Apple's new India chief pursues aggressive strategy to revive cold iPhone sales

Posted:
in iPhone edited August 2018
Despite recent claims to the contrary, the new head of Apple's India operations, ex-Singapore executive Michel Coulomb, is reportedly pursuing an aggressive strategy to save iPhone sales in the country, which have dwindled to just 1 percent of the local phone market.

iPhone 8


Coulomb was the one responsible for kicking out three sales executives in June, Bloomberg said on Monday, citing multiple sources. He then spent three days with senior workers from across the country at the company's sales and marketing headquarters in Gurugram, where he unveiled a strategy to fix iPhone sales.

This includes signing better third-party retail deals with higher sales targets, overhauling relationships with independents, launching long-planned first-party stores, and offering apps and services that better address Indians.

Of special interest is the revelation of a revamped Apple Maps, expected by 2020. The sources didn't specify what might be in the redesign, other than it fixing flaws currently impacting India.

The company is slowly rolling out more detailed first-party map data beginning with iOS 12 betas, and India could theoretically get access to that improved coverage by 2020. Upgrades might also finally bring turn-by-turn directions, a feature that's often the reason people use a service like Apple Maps or Google Maps in the first place.

Apple's products have been deficient in India in other ways. There's still no support for Apple Pay for instance, and Siri -- usually considered the best assistant in terms of language support -- still can't handle Indian languages.

It remains to be seen if sales and service changes will be enough, since Apple might not be able to overcome basic economic obstacles. Most shoppers can't afford to buy even the locally-assembled iPhone SE, instead aiming for an average budget of 10,000 rupees, or about $150. Bloomberg notes that someone can spend $100 in the country and get a Xiaomi Redmi 5A, which is in some ways technically superior to the SE.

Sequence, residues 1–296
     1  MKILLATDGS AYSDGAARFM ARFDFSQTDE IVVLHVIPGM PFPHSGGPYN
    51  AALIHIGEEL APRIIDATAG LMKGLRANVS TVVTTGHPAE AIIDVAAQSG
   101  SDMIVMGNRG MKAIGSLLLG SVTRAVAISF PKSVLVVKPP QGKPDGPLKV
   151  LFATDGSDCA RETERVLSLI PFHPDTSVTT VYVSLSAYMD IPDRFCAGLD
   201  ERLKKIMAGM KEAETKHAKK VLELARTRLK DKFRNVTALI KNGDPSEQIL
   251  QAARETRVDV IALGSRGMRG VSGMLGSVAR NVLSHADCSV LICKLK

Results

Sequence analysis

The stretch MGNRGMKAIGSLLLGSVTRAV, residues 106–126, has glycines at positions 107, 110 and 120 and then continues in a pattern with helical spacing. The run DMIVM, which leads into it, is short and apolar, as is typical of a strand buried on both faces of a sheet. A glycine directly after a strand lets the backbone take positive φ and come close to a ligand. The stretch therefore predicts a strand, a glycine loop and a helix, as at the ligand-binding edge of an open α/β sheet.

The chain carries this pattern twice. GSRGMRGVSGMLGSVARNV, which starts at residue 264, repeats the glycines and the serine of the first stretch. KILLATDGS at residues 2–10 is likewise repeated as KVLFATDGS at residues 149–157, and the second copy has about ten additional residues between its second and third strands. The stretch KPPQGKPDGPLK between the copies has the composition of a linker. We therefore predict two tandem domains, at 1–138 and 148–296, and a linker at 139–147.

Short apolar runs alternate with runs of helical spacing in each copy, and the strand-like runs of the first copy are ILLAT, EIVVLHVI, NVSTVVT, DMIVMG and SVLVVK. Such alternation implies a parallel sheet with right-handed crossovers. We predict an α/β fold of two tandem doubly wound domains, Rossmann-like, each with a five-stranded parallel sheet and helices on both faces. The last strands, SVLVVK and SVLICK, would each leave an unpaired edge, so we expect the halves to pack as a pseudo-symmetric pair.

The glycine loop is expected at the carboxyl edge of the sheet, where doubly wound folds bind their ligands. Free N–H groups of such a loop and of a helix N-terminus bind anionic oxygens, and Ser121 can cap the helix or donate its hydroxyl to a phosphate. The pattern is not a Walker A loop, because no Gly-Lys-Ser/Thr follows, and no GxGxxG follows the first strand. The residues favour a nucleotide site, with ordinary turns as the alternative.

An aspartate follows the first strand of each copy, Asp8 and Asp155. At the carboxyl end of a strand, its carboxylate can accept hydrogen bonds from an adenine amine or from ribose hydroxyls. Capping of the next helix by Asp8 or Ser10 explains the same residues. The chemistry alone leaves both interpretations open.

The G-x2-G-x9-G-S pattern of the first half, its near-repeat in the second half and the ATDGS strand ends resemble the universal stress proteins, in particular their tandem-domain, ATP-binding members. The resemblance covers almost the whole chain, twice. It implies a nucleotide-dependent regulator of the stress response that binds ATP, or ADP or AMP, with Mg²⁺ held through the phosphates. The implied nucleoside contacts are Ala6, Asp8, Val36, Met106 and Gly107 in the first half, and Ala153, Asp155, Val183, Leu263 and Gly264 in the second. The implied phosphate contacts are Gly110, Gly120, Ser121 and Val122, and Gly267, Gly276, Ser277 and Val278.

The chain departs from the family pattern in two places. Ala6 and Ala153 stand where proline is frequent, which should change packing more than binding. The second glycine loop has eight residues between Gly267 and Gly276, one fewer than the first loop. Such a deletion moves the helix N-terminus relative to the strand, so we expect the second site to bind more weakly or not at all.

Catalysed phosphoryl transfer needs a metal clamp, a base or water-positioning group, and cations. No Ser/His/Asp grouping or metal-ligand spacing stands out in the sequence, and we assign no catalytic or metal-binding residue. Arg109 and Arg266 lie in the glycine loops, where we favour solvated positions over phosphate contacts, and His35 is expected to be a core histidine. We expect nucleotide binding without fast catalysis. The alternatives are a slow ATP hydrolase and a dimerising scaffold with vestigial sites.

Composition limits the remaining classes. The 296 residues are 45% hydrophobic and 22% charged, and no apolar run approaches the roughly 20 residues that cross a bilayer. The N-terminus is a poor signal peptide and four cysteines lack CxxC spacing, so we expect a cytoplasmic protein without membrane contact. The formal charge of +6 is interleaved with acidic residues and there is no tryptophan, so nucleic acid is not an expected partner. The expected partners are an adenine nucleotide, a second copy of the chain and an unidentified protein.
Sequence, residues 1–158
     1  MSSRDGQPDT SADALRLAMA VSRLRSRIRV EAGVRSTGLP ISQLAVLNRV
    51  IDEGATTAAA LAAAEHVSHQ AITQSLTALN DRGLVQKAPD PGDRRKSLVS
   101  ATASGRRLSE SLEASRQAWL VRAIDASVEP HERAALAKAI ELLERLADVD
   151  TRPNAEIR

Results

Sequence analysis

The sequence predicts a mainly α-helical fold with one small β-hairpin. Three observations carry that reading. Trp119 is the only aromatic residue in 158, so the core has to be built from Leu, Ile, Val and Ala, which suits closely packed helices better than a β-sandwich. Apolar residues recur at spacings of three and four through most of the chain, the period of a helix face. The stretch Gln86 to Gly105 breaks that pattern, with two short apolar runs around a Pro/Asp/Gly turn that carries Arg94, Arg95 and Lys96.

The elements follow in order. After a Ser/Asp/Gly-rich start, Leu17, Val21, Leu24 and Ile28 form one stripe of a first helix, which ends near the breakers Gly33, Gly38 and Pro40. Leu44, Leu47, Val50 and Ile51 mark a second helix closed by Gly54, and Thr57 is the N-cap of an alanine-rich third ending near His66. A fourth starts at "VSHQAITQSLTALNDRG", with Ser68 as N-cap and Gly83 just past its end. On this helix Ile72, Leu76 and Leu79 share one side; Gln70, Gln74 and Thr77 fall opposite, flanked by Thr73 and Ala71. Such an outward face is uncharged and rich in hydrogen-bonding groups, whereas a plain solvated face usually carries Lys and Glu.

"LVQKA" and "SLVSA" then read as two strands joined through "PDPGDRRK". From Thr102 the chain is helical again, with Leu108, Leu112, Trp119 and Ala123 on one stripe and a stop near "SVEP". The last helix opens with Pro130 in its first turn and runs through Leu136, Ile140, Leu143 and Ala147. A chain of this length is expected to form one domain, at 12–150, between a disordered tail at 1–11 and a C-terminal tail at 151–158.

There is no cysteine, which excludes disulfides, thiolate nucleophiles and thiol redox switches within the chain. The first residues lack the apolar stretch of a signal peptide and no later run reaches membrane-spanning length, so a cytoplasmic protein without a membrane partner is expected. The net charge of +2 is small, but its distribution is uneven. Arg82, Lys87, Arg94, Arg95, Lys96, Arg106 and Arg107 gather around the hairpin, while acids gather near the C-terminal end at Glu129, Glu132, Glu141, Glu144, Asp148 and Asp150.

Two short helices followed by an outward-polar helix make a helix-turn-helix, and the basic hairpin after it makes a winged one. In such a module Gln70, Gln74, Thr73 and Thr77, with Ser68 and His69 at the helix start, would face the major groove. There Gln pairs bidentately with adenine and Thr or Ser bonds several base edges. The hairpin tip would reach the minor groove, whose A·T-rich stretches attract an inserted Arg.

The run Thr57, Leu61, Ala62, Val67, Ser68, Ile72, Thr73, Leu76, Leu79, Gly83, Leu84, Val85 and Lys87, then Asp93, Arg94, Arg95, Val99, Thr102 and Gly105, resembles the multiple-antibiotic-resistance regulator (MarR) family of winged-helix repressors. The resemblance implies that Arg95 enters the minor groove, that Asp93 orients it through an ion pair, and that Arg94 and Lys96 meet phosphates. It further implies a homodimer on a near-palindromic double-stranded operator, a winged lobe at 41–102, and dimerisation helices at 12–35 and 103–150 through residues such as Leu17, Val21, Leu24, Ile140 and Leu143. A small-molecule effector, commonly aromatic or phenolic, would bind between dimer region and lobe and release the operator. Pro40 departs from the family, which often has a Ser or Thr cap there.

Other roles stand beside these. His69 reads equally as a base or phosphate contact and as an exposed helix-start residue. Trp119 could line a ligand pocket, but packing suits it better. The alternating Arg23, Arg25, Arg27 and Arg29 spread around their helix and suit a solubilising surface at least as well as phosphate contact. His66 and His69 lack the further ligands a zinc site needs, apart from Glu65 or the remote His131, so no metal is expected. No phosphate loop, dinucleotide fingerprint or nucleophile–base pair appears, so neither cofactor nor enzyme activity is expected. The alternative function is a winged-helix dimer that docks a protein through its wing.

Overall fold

That leaves people with little means or incentive to buy most other iPhones, which are costlier still not just because of their specifications but because of import duties.

Comments

  • Reply 1 of 14
    GG1GG1 Posts: 276member
    ...ex-Singapore executive Michel Coulomb...
    What a great name for an electrical engineer. (just a general comment)
    elijahgJWSCbshank
  • Reply 2 of 14
    elijahgelijahg Posts: 1,006member
    But but but market share doesn't matter..! Just make them even more expensive so the profit margin is >80%! /sarcasm
    avon b7
  • Reply 3 of 14
    FolioFolio Posts: 636member
    Another excerpt from the Bloomberg piece:

    The 2020 revamp is supposed to fix Maps’ failings, say the people familiar with Apple’s plans, but so far, the Maps development office the company set up in Hyderabad in 2016 has mostly been used for editing map data in other parts of the world. For now, Google dominates the maps market, and along with Facebook controls much of the developer community. Google and Amazon.com’s voice assistants are much far ahead of Siri when it comes to understanding Indian languages and accents.

    Vijay Shekhar Sharma, CEO of Indian digital payments company Paytm, says he hasn’t bothered to integrate his services with the iPhone because iOS users represent such a tiny slice of the market. Like the BlackBerrys of old, the iPhone’s biggest selling point, says Sharma, is relatively high data security for the privacy-conscious. Otherwise, unless you really love Apple, he says, “there aren’t many reasons to buy this expensive phone.”

    1. Reply 4 of 14
      rogifan_newrogifan_new Posts: 4,194member
      elijahg said:
      But but but market share doesn't matter..! Just make them even more expensive so the profit margin is >80%! /sarcasm
      Honestly I’m not sure how Apple competes in India. I thought Apple’s MO was to be an aspersional brand, to acquire customers as they move into the middle class. Is that possible in India?
    2. Reply 5 of 14
      FolioFolio Posts: 636member
      The good news not mentioned in all this is that users in India upgrade their smartphones much faster than customers in US, UK, and China, according to BAML survey of nearly 50,000 users in those countries (24K in India). So things can change fast, once Apple gets it act together.  45% in India upgrade EVERY YEAR, said 30JUL2018 report. A short extract from report: